Also, Fortigurn is doing a very good job of learning characters right now – perhaps he could give you some input?

Personally I found that the keys to learning to read are:

  1. being highly motivated to read, read, read
  2. having good dictionaries (more than one, for lookups by bu4shou3, pronunciation, etc.)
  3. having an electronic dictionary that lets you write the character on the screen to find it
  4. learning the bu4shou3 and other constituent elements in compound characters
  5. having a good language exchange partner on the side to answer a million questions,

and the keys to learning to write are

  1. being motivated to write, write, write
  2. having someone to review your writing and correct it
  3. if you want good penmanship, a calligraphy class

The frustration was that the vocabulary at the beginning is pretty simplistic as it pertains to everyday language which I speak almost daily at home. I found that I remember alot of words I forgot back home living in Taiwan for a week. :smiley:

Thanks for all the links, I’ll look through them.

What I was most interested in is what people felt about the schools and how NTNU MTC compared to other programs like a private bushiban or CCLC or what have you. More specifically how they teach reading and writing. More for business applications such as translating jobs. I was working at a gaming company which brought games developed in asian countries over to North America. I was mostly in customer service but was interested in getting into the translating side of things. Also, I was working at Blizzard which had Chinese liasons in China to help them with running World of Warcraft in China which would have been a very fun job for me if I knew how to read and write as well as business speaking translation, which I find is a little different then everday speaking.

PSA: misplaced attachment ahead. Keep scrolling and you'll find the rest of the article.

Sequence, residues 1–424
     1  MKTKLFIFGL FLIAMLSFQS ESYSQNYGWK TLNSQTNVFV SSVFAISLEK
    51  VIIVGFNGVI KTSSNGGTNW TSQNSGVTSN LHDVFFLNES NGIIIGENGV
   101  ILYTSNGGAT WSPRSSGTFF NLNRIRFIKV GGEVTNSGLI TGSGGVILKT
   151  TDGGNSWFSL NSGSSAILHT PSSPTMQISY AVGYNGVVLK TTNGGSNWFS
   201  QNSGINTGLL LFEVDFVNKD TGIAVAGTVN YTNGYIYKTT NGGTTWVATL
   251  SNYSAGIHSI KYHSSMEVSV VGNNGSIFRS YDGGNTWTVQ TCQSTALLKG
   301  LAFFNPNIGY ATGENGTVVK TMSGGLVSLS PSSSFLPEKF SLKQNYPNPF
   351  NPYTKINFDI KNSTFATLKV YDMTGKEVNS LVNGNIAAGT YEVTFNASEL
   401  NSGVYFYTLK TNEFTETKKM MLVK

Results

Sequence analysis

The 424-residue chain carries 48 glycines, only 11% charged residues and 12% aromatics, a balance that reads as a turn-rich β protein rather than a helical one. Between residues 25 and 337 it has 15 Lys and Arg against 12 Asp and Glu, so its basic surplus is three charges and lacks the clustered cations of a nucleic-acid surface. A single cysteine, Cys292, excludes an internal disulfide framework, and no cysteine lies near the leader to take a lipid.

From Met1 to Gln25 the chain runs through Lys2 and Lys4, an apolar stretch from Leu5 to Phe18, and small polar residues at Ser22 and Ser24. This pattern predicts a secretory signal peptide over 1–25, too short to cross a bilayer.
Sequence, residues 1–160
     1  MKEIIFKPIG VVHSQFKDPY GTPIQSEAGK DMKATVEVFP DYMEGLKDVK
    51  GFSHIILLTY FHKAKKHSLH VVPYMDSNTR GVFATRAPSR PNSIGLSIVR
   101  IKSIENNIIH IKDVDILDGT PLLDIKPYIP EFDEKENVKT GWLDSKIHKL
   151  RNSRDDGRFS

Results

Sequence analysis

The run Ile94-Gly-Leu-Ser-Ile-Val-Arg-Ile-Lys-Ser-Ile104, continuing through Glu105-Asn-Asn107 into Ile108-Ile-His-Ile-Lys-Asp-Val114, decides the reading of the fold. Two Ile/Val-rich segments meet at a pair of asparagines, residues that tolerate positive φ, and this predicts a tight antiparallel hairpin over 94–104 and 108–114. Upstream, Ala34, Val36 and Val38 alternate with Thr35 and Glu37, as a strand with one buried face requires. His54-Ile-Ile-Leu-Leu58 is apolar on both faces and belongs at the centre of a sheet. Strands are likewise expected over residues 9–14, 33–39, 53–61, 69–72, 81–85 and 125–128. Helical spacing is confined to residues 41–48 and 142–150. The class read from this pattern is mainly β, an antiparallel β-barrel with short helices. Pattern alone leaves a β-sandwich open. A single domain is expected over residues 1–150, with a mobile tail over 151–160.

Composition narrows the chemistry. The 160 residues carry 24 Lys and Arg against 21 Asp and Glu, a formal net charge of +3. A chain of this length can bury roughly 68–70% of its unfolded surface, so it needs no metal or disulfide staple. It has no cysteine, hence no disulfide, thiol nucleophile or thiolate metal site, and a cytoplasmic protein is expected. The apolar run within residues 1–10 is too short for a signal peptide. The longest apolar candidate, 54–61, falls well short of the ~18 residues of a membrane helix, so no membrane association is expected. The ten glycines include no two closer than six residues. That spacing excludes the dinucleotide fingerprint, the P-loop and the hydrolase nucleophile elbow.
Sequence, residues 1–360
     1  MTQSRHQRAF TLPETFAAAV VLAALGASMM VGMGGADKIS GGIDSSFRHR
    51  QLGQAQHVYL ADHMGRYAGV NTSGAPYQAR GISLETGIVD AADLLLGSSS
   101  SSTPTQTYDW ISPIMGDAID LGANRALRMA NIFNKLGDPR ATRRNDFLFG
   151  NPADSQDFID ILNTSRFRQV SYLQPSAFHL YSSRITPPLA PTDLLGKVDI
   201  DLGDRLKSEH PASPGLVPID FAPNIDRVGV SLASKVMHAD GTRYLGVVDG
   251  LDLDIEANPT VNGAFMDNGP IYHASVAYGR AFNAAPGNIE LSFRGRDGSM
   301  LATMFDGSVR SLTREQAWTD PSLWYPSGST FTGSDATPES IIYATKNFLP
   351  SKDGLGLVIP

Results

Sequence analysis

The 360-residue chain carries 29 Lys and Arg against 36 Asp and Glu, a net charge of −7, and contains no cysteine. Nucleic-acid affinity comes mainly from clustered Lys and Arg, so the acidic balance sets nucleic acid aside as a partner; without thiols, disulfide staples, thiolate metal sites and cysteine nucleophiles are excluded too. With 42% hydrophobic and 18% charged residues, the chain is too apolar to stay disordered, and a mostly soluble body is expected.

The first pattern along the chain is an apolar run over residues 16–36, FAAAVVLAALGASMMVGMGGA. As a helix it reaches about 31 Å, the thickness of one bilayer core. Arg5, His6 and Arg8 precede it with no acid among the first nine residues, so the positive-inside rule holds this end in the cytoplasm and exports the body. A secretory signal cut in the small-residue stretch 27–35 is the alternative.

If you can pick up zhuyin fuhao (“bopomofo”), you could buy the Guoyu Ribao which does have a few articles of interest. I used to black out the bopomofo next to the characters that the student had supposedly learned to recognize, one year when I had an ABC in an “English reading” class who read as well as I did in English (obviously), so that he would be learning something useful. (Although my understanding is that he managed to graduate from a four-year university program in Taiwan without ever learning to read much of anything, let alone write. Let’s hear it for student solidarity. It always amazes me.)

If the class is going too slowly for you and you already know much of the vocab, it sounds like all you need to do is either be transferred into a higher-level class, or supplement what you’re learning with additional materials. There’s plenty of stuff in bookstores like Lucky across from Shi-Da for intermediate to advanced students, for example, and I also have a bunch (many unused) I’m selling at a steep discount; if you’re interested, PM me. The newspaper Ironlady suggested is a good bet too. And do seriously consider taking a calligraphy class. I learned a lot of characters that way, and learned how to write them with better balance and proportion at the same time.